Each academic year, the Ruth and Lee Munroe Center for Social Inquiry continues the pursuit of interdisciplinary learning and public inquiry embodied by the lives and service of two of Pitzer’s most distinguished and beloved professors Robert “Lee” Munroe, research professor of anthropology, and the late Ruth Hagberg Munroe.
The Center sponsors a themed series of events, including lectures, seminars, panel discussions, exhibitions, screenings, and performances.
The theme for the 2014-15 academic year is Virus: Mindless, Efficient and without Morals.
“A virus has no morals.” This is the title of a 1986 black comedy about AIDS by the German filmmaker, Rosa von Pronheim. While much has changed about the understandings, experiences, and politics of viruses since the earliest days of the AIDS pandemic in the 1980s, it remains definitive that it is people, cultures, governments, scientists and artists who engender the “morals” and “conscience” of these powerful, if unthinking agents. AIDS artist and activist, Gregg Bordowitz more recently wrote: “AIDS is a mindless repetition, an automatic self-reproduction. Emotionless, without conscience or consciousness, inhuman. A force of nature.”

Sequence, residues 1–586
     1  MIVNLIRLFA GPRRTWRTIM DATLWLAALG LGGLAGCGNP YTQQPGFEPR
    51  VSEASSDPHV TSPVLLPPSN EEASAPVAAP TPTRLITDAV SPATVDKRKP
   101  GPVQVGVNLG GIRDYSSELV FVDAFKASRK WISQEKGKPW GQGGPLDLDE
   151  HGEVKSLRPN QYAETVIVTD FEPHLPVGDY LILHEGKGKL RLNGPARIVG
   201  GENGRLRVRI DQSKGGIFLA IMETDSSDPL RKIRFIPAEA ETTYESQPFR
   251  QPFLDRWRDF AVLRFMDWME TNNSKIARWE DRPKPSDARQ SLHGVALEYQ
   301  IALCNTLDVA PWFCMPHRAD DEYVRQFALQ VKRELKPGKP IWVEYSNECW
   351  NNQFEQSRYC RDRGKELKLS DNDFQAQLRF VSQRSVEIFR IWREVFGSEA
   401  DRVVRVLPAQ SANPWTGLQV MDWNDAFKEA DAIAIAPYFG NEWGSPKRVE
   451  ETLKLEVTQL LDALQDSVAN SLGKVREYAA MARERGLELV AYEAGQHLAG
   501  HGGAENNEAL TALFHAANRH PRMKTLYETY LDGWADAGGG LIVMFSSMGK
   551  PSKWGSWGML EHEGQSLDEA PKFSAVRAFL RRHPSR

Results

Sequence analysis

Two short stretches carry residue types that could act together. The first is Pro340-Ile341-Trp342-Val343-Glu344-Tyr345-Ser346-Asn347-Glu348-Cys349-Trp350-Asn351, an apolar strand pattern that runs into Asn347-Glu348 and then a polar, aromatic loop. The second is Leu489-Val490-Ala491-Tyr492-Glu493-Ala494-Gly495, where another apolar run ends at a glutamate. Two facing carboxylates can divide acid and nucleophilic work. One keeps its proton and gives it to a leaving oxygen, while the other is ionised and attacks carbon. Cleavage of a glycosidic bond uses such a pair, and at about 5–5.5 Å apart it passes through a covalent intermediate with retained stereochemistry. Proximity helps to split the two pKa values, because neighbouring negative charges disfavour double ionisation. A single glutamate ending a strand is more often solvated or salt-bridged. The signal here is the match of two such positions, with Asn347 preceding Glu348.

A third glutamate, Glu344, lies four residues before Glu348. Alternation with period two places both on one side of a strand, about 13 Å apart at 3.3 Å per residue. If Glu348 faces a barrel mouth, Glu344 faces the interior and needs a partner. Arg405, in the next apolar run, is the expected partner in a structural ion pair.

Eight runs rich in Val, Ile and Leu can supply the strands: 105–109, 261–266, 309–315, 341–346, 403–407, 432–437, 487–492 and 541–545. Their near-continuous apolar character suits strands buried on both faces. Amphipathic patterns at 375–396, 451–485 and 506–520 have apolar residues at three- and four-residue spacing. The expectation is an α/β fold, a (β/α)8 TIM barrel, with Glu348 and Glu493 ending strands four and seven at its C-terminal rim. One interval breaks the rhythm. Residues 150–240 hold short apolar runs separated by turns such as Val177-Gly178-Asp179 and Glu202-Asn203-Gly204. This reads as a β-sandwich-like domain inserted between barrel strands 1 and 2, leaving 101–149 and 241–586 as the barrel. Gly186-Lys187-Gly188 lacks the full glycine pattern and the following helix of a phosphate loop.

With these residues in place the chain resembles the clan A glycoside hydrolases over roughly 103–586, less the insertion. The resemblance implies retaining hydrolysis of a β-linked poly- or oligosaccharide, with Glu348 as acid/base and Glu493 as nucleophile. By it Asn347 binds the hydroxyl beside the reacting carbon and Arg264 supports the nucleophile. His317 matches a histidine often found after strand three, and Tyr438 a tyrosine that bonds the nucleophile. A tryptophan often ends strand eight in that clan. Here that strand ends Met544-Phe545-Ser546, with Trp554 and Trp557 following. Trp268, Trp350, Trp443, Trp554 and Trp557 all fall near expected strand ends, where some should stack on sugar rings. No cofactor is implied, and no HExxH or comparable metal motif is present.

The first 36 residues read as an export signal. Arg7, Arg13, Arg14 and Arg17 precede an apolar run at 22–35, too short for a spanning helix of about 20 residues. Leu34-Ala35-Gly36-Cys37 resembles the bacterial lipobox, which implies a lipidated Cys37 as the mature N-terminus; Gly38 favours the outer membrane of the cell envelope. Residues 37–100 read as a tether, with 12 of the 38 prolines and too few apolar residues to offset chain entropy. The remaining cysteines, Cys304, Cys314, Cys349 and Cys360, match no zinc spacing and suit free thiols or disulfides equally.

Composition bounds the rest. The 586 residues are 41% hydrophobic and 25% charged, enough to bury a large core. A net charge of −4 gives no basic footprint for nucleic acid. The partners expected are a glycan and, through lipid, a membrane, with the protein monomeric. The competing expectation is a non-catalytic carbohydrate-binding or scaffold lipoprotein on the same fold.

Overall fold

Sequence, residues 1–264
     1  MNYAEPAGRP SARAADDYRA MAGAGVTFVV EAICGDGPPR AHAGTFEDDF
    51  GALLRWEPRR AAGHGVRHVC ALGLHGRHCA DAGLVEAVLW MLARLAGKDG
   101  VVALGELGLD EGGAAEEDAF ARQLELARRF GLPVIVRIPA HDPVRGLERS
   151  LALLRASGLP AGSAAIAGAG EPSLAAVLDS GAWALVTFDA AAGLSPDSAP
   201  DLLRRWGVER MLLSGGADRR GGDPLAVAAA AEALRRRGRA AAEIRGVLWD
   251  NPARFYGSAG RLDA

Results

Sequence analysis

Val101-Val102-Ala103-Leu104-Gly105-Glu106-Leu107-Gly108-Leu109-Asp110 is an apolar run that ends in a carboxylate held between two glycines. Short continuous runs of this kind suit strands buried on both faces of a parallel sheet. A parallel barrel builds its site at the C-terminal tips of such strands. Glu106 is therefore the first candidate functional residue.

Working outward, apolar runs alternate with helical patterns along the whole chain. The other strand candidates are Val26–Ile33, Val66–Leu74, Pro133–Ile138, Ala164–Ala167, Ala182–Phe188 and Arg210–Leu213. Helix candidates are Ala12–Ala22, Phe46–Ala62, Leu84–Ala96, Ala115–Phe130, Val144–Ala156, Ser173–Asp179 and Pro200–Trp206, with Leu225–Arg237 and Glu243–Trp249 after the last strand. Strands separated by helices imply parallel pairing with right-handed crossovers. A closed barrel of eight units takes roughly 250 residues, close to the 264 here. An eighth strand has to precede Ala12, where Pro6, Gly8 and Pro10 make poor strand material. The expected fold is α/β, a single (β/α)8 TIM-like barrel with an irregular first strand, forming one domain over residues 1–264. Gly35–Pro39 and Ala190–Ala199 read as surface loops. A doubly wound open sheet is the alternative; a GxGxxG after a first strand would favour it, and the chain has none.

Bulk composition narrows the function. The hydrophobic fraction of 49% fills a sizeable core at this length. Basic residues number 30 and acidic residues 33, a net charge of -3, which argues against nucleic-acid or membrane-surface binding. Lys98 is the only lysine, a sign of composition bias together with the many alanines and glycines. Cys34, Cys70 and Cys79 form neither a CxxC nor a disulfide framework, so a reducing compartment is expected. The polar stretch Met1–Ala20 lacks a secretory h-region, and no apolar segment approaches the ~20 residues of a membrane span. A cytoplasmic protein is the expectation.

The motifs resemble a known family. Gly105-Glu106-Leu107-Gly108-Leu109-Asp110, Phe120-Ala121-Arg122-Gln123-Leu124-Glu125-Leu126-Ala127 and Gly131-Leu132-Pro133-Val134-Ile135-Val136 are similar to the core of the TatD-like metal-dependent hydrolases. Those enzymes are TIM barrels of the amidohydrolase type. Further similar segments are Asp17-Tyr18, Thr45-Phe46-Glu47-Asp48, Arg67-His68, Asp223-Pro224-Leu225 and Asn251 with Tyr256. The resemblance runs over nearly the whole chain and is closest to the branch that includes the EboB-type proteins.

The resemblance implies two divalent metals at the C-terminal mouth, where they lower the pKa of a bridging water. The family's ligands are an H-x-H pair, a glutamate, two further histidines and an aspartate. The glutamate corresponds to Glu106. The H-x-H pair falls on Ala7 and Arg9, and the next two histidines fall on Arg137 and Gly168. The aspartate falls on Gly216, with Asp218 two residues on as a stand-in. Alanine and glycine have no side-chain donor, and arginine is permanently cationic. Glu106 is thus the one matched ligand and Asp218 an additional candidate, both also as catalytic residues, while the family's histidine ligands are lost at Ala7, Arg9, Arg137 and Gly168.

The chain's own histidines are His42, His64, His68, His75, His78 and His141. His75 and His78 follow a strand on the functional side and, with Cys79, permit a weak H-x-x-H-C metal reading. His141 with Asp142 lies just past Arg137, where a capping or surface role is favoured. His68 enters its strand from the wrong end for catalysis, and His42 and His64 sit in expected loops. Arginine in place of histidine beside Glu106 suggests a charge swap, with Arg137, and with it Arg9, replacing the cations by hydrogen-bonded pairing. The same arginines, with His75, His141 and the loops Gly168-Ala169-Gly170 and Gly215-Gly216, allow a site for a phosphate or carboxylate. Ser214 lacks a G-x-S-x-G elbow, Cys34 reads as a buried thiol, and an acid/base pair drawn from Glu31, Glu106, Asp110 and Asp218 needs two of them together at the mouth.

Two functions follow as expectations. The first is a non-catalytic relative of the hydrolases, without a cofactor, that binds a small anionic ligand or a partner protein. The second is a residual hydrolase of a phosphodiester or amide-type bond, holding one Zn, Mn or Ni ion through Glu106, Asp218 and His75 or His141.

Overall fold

For 2014-2105, MCSI will invite prominent scholars, artists, and activists across a range of disciplines, to help us understand both the natural and human forces that define, use, are used by, and try to control viruses. If “AIDS is a crisis of connections,” according to curator John Chaich, then one of the primary goals of MCSI’s year of programming on VIRUS will be to address viral crises by making connections across virology, performance, psychoanalysis, public health, photography, poetry, video, critical Internet studies, environmental analysis and other fields that morally, emotionally, and with conscience engage with the virus, the viral, the sprawl, and the many similar repetitious functions that mindlessly spread illness, pollution, power, or ideas in contemporary culture.
The Director for 2013-17 is Professor Alexandra Juhasz.